As Croteam officially announces Serious Sam 2 and releases the first game screenshots and trailer we field some questions to Dean Sekulic, Programmer & Designer at Croteam about SS2's renderer and future developments in 3D graphics.

When Serious Sam was first announced it sported large open environments, many enemies onscreen, incredibly rich visuals and highly advanced rendering features. Now that FarCry, DOOM 3 and Half-life 2, the big names where graphics are concerned, have shipped can you tell us Serious Sam 2's renderer highlights?

Mainly, we focused on optimizing the shader usage, so even with that many enemies on screen at once, our Serious Engine 2 can pull all the advance shader effects like normal-map bump-mapping, Parallax (offset) mapping, refractions and such. Not to mention our Terrain shader which can blend up to 8 textures in one pass (and make even the latest GPUs sweat).

And when you have all that open and bright environments like Sam has, next logical step would be true HDR, right? Along with a nifty bloom post-processing effect over it, of course.

Although DOOM 3 went with all dynamic stencil shadows, Half-Life 2 and FarCry employed various techniques like the familiar lightmaps, shadowmaps and even some stencils in FarCry. What is SS2's shadowing solution?

I prefer the shadow buffer approach, which makes me pretty much a "consistent" guy. :) However, life's not that simple and having shadow buffers all around can be real pain, even for high-end GPUs.

Personally, I would just like to jump over shadows altogether, and land directly on top of real-time radiosity rendering, but we still have to wait some time for that to happen. When I say "happen", I mean "GPU fast enough to make it usable in a real game, with lots of action and model on screen and not just in room with couple of boxes"! Good thing is that there are already lots of algorithms available that can simulate radiosity really good and render the scene noticeably faster (like ambient occlusion mapping combined with global illumination, for example).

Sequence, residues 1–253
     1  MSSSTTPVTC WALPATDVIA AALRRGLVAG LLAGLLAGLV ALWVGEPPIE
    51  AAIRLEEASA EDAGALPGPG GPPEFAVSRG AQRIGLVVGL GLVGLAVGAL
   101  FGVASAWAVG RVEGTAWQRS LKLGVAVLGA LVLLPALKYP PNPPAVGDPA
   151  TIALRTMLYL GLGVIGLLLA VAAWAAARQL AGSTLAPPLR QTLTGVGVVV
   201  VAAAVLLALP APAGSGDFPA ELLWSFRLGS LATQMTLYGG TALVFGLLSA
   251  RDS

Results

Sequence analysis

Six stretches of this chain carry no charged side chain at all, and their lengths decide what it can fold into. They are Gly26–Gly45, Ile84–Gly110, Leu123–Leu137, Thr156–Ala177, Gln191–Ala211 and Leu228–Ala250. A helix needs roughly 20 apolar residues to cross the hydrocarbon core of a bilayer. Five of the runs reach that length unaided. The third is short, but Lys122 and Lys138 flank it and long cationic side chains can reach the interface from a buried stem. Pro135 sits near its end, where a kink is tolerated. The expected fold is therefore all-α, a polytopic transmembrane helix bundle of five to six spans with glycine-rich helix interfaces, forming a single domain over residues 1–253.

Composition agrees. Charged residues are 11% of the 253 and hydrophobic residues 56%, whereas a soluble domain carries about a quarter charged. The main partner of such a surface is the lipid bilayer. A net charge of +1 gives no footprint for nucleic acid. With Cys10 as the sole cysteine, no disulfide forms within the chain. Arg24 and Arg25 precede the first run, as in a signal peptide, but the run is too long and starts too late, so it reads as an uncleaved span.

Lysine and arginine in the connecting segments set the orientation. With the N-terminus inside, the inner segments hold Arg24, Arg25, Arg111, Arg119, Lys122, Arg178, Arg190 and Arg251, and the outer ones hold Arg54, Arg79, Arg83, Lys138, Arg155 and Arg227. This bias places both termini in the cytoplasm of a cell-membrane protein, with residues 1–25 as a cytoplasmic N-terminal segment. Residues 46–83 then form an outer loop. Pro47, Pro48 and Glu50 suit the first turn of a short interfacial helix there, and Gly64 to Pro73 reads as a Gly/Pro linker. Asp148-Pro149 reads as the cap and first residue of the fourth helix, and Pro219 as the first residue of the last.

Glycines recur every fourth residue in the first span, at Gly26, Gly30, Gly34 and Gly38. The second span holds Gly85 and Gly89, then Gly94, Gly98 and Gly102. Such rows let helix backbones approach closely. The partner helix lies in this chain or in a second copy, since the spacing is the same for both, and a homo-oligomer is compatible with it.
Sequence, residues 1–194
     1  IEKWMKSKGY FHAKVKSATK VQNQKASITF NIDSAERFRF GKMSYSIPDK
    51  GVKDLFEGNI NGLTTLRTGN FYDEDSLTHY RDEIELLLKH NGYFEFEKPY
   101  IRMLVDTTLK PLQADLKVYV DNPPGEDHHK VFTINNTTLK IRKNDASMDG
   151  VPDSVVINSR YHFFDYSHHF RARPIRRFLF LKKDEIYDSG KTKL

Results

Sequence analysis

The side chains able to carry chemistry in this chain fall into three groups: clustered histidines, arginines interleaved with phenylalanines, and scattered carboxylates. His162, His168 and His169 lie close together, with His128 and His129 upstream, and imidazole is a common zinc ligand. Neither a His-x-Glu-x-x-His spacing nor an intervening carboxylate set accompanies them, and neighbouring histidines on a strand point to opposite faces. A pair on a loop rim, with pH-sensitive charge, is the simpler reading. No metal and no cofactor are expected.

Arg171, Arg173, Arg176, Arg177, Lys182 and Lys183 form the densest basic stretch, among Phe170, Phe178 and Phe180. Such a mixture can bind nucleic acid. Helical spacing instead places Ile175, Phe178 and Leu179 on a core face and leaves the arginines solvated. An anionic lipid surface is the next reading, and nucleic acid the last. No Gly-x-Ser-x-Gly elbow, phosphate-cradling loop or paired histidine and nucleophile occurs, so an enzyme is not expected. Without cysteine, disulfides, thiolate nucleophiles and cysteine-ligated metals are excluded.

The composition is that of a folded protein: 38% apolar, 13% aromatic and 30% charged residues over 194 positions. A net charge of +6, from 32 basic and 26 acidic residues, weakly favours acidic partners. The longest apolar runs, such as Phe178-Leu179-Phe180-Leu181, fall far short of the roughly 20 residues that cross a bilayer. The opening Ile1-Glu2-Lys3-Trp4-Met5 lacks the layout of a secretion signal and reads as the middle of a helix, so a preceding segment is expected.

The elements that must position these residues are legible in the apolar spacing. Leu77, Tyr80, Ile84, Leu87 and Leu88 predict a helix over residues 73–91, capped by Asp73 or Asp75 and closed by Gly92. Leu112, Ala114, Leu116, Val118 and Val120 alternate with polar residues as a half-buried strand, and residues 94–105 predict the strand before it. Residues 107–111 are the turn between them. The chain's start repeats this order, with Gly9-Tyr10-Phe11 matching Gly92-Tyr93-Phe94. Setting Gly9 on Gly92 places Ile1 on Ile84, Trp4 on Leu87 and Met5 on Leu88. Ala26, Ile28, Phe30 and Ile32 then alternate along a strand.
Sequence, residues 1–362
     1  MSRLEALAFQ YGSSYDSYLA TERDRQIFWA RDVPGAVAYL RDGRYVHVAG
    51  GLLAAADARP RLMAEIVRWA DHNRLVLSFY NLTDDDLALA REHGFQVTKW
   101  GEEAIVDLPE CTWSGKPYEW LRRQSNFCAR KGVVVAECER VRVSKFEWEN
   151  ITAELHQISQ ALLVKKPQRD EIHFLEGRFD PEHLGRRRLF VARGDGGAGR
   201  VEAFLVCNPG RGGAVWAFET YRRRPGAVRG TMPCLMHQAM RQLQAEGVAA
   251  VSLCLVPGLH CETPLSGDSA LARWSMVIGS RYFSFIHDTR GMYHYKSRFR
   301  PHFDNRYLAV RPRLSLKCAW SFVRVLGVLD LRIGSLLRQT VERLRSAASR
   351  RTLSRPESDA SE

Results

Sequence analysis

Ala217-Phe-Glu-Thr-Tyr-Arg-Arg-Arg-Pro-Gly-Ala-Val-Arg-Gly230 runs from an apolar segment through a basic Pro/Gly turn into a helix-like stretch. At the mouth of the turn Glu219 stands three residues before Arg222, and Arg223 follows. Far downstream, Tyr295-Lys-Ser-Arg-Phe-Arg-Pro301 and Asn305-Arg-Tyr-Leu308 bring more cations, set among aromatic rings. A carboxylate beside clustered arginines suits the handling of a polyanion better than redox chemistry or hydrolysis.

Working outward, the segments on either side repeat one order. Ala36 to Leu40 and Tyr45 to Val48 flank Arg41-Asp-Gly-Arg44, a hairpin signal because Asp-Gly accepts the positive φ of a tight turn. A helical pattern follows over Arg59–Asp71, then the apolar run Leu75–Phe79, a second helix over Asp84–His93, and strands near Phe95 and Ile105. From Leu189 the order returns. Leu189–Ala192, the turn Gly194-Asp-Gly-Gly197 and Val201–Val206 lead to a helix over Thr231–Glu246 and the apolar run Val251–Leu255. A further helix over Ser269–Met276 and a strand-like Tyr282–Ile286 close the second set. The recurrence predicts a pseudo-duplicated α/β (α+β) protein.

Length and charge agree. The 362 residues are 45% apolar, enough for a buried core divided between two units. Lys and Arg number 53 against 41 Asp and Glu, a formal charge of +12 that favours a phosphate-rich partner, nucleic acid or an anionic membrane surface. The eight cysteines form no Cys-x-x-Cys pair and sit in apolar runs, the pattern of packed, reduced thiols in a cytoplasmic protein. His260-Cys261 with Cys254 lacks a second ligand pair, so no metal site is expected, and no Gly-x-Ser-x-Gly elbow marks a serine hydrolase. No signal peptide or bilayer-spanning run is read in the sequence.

OK, back to reality. Having only one way to implement shadows would be nice, but there's a great chance that performance would suffer. So, I think pre-calculated lightmaps could stick around for some time, even it's really hard for them to make peace with dynamic shadows (no matter what approach is used).

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As for stencil shadows... well, they have just too many limitations to be considered at all; closed meshes only, no support for transparency or translucency, hard shadow edges, CPU skinning and edge detection (there is a "workaround" for the last one; extruding _every_ triangle with GPU is too crazy, so I'll just ignore it!). Oh, and don’t forget - while Creative Labs holds a patent for 1-pass shadow volume rendering, I'm not touching that with a 10-foot pole!

So, for the performance reasons, we opted for mixing shadowing techniques. For the environment, we mostly use lightmaps, and for dynamic objects we have projective shadows (with shadow buffer if necessary). We found out that today’s GPUs are still not just there yet when it comes to handling dynamic shadows of large open environments with lots of detailed geometry and tons of enemies on screen at once.